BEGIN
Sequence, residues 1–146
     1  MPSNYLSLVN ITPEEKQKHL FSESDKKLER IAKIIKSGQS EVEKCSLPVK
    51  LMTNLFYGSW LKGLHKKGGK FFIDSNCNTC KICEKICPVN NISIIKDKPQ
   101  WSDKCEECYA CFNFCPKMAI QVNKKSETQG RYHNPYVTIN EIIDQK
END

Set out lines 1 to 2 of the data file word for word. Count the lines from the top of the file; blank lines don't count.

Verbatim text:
Sequence, residues 1–146
     1  MPSNYLSLVN ITPEEKQKHL FSESDKKLER IAKIIKSGQS EVEKCSLPVK